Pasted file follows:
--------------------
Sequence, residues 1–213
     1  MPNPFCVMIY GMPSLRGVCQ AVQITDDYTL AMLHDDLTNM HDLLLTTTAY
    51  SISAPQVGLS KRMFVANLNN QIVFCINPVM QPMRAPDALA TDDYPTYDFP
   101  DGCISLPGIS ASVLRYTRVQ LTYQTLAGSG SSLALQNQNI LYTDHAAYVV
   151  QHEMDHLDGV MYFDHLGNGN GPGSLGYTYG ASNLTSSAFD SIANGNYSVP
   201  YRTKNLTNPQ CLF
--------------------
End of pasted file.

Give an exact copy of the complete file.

Sequence, residues 1–213
     1  MPNPFCVMIY GMPSLRGVCQ AVQITDDYTL AMLHDDLTNM HDLLLTTTAY
    51  SISAPQVGLS KRMFVANLNN QIVFCINPVM QPMRAPDALA TDDYPTYDFP
   101  DGCISLPGIS ASVLRYTRVQ LTYQTLAGSG SSLALQNQNI LYTDHAAYVV
   151  QHEMDHLDGV MYFDHLGNGN GPGSLGYTYG ASNLTSSAFD SIANGNYSVP
   201  YRTKNLTNPQ CLF